Of course, some would say that there's no point to energy meters because they barely cut CO2 emissions compared to other actions. For example, investing in an energy meter is less than three times as effective as halving how much beef you scoff - and 80 times less effective than installing a biomass boiler in your house. All the best, the Bloom Team

Geoff, Truro 2008-08-01

i can't see the point of energy meters

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Glossary terms used on this page
CFL bulbs
CFLs are compact fluorescent lamps. They operate on the same principle as fluorescent lights but the tube is folded into a more compact design so they are more versatile and can be used in devices designed to take traditional incandescent bulbs. They use about 80% less electricity than traditional bulbs to produce the same light and last considerably longer. Their mercury content means disposal, especially of broken bulbs, requires extra care. Also referred to as low-energy lightbulbs.
CO2, or carbon dioxide, is made up of the elements carbon and oxygen. It exists quite naturally in our atmosphere, as part of the carbon cycle. Everyday processes in the plant and animal world both add CO2 to the atmosphere and take it out. However, because it is a greenhouse gas - meaning it affects the temperature of the earth - the exact level of CO2 is important. Burning fossil fuels releases CO2 into the atmosphere, hence the anxiety that extensive use of these fuels is causing climate change.
Emissions are the CO2 (and other greenhouse gases) produced by energy use, usually calculated and stated as an annual tally: also referred to as your carbon footprint. Your personal emissions can be direct - such as the gas you personally use to heat your home or the petrol you burn to power your car - or indirect - meaning the energy use that has gone into the products or services you buy. The latter, such as the emissions caused by the manufacture of your new TV, or the packaging your food comes in, are also referred to as embodied emissions.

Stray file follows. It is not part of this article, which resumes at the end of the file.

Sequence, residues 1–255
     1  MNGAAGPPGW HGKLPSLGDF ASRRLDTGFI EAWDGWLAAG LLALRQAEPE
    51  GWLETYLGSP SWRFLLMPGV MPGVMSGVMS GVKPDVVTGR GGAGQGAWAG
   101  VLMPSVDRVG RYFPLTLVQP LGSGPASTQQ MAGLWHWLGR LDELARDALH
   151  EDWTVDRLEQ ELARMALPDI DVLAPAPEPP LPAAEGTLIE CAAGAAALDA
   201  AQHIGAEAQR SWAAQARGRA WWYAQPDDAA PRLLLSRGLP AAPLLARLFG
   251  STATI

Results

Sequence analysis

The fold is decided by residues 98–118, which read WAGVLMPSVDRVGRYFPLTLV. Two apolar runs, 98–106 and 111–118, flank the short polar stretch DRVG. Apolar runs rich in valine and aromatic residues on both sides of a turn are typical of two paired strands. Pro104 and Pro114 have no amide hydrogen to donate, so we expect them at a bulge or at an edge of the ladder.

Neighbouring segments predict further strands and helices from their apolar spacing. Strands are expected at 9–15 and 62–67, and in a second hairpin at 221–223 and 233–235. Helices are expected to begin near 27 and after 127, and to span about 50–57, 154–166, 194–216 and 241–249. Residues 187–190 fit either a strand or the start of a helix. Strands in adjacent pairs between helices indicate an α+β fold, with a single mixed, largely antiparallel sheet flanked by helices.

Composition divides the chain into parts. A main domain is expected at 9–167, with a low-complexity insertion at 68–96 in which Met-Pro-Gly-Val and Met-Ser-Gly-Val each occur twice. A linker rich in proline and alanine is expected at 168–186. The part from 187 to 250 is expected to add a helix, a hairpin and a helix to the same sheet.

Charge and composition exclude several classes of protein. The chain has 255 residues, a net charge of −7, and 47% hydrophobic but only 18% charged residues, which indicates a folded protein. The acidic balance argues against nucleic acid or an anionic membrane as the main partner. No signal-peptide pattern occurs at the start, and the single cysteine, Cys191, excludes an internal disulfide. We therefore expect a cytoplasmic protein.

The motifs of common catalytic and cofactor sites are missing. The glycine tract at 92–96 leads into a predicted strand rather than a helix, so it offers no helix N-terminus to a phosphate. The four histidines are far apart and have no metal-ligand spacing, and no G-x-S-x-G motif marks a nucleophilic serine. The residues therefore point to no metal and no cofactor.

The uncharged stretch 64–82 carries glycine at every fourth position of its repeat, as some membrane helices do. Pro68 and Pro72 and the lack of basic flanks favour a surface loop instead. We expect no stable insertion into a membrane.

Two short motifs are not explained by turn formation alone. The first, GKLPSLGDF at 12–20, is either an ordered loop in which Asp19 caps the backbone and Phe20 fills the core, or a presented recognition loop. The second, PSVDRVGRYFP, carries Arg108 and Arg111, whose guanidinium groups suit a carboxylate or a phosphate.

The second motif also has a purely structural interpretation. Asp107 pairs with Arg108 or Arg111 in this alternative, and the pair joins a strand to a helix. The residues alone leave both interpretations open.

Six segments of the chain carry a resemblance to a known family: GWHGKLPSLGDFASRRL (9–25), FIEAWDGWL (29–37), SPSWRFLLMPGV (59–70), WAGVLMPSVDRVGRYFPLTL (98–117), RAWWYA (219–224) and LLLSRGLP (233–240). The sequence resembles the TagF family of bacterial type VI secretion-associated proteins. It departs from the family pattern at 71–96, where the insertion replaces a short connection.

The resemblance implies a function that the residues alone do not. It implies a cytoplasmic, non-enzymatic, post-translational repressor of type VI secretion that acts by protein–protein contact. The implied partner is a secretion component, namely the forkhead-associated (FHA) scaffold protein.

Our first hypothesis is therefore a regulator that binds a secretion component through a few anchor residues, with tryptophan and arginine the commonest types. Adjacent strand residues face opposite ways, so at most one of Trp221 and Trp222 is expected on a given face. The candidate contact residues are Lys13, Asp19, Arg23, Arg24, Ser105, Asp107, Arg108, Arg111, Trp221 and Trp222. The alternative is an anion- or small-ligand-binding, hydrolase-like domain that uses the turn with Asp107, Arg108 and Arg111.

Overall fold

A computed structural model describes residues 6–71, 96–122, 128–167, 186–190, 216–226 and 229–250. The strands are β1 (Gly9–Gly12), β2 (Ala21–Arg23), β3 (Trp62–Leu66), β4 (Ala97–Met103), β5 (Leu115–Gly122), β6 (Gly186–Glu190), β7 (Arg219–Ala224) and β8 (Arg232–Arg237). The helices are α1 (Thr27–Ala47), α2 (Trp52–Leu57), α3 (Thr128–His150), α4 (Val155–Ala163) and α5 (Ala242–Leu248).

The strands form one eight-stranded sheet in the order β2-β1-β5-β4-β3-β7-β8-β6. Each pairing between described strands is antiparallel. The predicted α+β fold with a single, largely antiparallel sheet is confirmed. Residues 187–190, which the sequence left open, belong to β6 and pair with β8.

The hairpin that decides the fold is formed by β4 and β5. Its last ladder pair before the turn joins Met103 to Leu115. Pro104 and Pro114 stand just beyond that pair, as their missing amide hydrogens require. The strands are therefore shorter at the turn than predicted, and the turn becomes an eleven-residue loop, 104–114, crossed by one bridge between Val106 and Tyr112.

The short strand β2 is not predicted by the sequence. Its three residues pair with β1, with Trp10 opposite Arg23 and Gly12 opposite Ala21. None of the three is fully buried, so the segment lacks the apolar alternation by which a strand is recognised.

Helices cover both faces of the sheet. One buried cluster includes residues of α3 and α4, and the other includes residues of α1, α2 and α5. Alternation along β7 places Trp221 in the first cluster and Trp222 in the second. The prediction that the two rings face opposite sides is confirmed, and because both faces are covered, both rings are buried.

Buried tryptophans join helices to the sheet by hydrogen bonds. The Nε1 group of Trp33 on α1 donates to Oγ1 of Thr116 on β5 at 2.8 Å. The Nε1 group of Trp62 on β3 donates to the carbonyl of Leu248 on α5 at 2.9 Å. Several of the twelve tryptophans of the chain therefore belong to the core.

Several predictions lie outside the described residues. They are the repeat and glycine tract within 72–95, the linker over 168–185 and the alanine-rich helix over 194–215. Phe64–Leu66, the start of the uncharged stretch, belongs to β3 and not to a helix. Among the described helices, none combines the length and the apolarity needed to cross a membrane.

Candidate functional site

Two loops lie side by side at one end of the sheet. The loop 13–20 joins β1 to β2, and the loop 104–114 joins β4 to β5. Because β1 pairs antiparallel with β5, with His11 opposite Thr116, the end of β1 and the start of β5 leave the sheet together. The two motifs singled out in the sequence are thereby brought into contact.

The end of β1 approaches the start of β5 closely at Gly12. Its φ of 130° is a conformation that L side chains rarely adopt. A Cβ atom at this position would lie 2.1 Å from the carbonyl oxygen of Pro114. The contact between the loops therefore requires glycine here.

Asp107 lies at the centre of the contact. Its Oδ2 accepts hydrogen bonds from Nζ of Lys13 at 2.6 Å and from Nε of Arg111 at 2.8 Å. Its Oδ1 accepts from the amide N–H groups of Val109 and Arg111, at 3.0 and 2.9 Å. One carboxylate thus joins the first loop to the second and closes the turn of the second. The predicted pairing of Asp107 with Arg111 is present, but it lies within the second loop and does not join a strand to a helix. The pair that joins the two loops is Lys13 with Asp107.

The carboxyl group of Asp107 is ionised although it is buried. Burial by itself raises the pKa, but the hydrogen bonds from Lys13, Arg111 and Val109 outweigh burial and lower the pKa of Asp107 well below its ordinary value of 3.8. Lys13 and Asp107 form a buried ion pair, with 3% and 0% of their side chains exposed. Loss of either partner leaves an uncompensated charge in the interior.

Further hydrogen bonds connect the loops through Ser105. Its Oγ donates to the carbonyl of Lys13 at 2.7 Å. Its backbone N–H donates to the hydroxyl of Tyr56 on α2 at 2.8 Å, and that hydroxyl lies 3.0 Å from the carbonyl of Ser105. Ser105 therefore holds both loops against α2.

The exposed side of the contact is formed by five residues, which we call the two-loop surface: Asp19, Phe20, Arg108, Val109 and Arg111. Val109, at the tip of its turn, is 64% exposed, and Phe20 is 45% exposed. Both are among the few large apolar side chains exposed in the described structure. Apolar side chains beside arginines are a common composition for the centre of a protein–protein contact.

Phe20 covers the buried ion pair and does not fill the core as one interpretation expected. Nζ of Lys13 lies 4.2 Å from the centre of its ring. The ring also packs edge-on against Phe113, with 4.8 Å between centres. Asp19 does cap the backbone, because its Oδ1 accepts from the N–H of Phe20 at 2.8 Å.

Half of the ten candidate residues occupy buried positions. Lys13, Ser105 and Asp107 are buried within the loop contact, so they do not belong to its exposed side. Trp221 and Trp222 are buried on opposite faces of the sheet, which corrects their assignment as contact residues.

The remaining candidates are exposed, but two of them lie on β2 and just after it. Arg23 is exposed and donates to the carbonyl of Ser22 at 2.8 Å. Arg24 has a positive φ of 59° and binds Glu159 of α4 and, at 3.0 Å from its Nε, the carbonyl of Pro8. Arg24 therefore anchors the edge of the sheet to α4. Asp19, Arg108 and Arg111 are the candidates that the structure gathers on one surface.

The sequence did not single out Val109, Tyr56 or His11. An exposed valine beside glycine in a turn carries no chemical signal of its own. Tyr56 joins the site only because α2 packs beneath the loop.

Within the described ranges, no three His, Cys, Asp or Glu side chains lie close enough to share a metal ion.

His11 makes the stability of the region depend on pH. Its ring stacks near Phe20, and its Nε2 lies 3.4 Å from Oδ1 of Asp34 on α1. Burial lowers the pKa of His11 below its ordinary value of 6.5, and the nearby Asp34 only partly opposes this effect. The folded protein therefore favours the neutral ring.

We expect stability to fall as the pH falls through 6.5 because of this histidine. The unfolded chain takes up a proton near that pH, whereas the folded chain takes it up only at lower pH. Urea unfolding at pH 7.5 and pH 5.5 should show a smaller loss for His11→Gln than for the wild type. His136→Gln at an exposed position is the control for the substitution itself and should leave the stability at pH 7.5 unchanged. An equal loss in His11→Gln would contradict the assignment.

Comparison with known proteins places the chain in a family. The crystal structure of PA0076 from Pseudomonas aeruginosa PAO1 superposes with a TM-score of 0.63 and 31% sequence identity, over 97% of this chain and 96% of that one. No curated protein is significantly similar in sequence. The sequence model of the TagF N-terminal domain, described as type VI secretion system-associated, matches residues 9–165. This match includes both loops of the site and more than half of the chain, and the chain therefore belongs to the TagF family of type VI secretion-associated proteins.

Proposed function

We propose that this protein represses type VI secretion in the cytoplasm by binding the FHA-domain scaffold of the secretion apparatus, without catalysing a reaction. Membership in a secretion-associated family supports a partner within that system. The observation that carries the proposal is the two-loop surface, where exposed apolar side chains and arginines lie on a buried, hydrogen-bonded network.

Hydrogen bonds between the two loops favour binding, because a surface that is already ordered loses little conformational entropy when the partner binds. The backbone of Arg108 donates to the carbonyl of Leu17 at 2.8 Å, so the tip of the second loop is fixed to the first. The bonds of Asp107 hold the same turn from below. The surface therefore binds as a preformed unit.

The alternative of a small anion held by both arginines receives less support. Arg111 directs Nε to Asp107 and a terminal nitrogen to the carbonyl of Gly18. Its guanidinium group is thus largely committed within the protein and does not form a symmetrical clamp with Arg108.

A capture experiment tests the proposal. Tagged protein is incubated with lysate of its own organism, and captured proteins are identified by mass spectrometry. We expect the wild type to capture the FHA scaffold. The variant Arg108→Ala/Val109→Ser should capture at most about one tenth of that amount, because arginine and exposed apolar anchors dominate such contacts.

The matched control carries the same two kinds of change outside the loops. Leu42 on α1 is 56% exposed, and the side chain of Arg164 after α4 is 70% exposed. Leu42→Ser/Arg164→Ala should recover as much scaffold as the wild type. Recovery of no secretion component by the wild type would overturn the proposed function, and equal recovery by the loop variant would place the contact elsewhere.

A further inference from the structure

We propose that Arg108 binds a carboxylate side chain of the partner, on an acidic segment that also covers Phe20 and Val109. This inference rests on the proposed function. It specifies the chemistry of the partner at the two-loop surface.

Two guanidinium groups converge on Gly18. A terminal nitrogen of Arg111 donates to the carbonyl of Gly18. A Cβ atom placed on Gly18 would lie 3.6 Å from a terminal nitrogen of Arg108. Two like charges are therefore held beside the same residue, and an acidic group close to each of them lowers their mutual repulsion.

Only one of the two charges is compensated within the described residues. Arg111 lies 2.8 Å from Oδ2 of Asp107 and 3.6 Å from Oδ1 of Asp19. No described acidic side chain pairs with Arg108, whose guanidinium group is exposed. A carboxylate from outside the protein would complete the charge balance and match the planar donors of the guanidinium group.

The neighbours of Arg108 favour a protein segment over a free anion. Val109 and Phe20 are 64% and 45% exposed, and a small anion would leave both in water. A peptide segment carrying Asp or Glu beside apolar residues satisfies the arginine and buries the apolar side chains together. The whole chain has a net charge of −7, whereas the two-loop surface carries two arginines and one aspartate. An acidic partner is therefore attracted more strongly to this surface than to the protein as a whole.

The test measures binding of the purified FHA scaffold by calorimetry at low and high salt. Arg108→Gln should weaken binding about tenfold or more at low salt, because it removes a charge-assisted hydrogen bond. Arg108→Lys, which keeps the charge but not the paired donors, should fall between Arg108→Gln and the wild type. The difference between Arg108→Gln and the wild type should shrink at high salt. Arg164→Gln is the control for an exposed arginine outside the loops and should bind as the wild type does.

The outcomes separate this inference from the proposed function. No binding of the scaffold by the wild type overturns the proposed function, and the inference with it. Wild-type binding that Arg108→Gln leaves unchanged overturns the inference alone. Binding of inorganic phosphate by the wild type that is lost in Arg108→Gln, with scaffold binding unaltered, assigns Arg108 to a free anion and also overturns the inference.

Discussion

Kilowatt-hours (kWh)
A kilowatt-hour is an amount of energy equivalent to a power of one kilowatt (a thousand watts) running for one hour. The unit is commonly used on electricity meters. If you know how many kilowatt-hours of energy your household uses, you can translate this into kilograms of CO2 emitted by multiplying it by 0.527. A megawatt hour (MWh) is an amount of energy equivalent to the power of one megawatt (a million watts) running for one hour. Similarly, a gigawatt hour (GWh) is a billion watts for one hour, and a terawatt hour (TWh) is a trillion. While your domestic gas bill will be set out in kWh, the output for a power station, for example, will obviously be expressed in one of these much larger units.
Standby, or 'sleep mode', is a mode in which electronic appliances are turned off but still drawing current and ready to activate on command. Although legislation has limited the energy new appliances can use in standby mode, they still use more energy than if they are switched off at the wall. navigation